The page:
Italy also won the 1938 World Cup and were still the reigning world champions in May 1948, when England again declared themselves unofficial world champions after another momentous victory. This result was more complete and less controversial, a 4-0 victory at the Stadio Communale in Turin. Stan Mortensen, Tommy Lawton and Tom Finney were twice the scoring heroes, and this was one of England’s great sides – Stanley Matthews and Wilf Mannion completed perhaps the best attacking line at five from the country. But the Italians were not left out either, their squad containing seven members of the dominant “Grande Torino” squad destined to perish in the Superga air disaster 353 days later.
England were magnificent, although they deserved to win by * four * is a moot point. Mortensen scored early, after which Italy pushed back the visitors with extreme prejudice. Romeo Menti and Guglielmo Gabetto both passed the ball past England goalkeeper Frank Swift – who was reportedly killed in the Munich crash in 1958; it was truly an unfortunate star collection – but the goals were ruled out for offside. Gabetto then saw a clear shot from the line by Laurie Scott and started hitting the ground in helpless frustration. Matthews dribbled the other end to set Lawton up. Two to zero after 24 minutes, against the course of the game. And Italy had still not finished. According to the Guardian report, Swift went on to make five spectacular saves in the lead-up to half-time, including three during a frenzied attack, with the legendary Valentino Mazzola at one point carrying the kitchen sink.
The second half continued in the same vein. Italy pressed and pressed, but grew tired of it. Their surprised players found themselves rekindled by jets of water from a soda siphon by two-time World Cup-winning manager and aspiring bartender Vittorio Pozzo. But England hit them with a punch and one of the big counterattacking goals, Swift throwing at Scott, who found Mannion, who in turn fed Lawton, who eventually slid the ball towards the ‘forward for Finney to bypass Valerio Bacigalupo for the third. Finney scored again to make four, and would later claim the result was the culmination of England’s efforts, 1966 included. England had certainly impressed the discerning public, some of whom returned home with the mistaken impression that Flash-mad Matthews had at one point pulled out a comb to comb his half-dribbling hair! Turns out he was just wiping a drop of sweat off his forehead, terrible shame, worldly truth a hammer blow. Print the legend.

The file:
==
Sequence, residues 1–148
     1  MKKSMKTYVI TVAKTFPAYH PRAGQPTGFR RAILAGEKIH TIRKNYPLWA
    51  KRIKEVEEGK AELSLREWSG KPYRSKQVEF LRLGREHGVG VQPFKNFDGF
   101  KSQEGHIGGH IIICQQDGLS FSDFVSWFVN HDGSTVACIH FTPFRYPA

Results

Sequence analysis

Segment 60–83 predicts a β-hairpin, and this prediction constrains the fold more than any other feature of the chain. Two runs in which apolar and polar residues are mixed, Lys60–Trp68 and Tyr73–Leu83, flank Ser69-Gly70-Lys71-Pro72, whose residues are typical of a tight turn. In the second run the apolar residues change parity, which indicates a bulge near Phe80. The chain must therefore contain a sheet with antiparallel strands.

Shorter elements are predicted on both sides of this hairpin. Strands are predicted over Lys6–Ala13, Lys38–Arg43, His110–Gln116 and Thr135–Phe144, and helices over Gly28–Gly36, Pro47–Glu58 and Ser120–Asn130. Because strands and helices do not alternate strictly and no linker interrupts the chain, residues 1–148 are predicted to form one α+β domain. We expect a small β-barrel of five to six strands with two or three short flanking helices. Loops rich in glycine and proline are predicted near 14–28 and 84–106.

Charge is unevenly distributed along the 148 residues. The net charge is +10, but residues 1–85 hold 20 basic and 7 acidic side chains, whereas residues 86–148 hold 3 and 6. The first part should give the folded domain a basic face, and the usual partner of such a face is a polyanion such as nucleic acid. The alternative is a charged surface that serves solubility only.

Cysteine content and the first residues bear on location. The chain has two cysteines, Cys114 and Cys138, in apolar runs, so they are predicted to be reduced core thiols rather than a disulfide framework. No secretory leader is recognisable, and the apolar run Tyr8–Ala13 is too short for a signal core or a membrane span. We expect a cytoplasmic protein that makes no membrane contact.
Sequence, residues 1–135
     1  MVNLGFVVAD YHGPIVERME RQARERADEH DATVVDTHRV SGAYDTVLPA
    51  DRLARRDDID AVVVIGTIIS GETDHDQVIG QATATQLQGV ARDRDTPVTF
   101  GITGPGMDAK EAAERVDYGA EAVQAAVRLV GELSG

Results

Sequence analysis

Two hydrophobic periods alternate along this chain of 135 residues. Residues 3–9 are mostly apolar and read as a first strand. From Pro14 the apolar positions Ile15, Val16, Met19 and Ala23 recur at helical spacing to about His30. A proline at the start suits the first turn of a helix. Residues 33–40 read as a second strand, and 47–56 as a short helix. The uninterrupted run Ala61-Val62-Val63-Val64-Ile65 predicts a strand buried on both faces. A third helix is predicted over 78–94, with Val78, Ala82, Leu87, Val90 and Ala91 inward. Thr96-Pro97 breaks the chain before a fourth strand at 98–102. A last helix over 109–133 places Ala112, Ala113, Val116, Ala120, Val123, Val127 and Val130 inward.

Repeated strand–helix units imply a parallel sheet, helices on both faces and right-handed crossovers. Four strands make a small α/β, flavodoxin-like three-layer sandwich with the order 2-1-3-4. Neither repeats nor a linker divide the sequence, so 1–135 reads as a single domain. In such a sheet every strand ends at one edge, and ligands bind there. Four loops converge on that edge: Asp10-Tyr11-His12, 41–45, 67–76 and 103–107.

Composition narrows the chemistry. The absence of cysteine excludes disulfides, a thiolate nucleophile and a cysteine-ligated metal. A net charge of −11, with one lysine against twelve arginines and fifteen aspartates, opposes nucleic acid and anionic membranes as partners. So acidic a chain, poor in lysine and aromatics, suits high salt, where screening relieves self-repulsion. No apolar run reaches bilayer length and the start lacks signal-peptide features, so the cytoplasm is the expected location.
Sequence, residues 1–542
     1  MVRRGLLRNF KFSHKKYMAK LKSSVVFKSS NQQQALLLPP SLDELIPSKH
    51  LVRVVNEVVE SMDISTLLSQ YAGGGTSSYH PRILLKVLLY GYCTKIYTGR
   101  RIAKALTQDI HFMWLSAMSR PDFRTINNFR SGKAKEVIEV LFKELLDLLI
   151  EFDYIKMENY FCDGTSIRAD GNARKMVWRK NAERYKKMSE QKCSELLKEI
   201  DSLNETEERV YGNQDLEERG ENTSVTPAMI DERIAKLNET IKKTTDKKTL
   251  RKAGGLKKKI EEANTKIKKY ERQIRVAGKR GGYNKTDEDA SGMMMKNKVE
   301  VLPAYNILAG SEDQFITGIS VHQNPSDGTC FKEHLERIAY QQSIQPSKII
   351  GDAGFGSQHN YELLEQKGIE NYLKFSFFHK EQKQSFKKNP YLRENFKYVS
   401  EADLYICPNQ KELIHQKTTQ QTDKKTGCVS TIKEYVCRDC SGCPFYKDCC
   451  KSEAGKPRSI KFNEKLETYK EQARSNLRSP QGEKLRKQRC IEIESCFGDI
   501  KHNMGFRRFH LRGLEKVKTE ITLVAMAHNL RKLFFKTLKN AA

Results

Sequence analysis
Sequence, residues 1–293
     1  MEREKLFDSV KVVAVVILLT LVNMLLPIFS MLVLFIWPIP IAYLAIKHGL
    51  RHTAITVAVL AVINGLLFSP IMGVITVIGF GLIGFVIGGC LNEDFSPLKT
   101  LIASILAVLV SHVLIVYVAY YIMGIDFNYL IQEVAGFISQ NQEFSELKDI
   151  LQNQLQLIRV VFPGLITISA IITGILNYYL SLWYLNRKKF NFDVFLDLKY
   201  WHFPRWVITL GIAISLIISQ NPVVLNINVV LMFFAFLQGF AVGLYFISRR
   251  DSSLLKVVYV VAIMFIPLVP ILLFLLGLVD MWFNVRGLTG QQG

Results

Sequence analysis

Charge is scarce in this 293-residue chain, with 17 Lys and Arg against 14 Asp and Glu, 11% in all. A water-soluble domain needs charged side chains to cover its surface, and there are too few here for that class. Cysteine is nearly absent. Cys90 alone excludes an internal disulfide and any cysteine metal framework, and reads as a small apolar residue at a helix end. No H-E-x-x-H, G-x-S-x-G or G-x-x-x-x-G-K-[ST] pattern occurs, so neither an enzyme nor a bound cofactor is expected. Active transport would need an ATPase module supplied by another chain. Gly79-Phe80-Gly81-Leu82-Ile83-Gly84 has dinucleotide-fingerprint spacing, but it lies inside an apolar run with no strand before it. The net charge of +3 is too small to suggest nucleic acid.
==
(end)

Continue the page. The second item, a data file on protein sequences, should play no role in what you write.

But what about the English, eh? Unofficial World Champions! Unfortunately, the assertion rings a little hollow in hindsight. Italy might technically be the defending champions, but their second title had been won ten years earlier as the war hampered them. And England would be completely embarrassed in their first World Cup in Brazil two years later, with the United States and Joe Gaetjens putting everything on a shameful perspective. Italy got a shock too, swinging on a whole big, bloated cruise ship, but at least they had the excuse of not wanting to fly in the wake of Superga, who among his 31 victims claimed the aforementioned Bacigalupo. , Gabetto, Menti and Mazzola.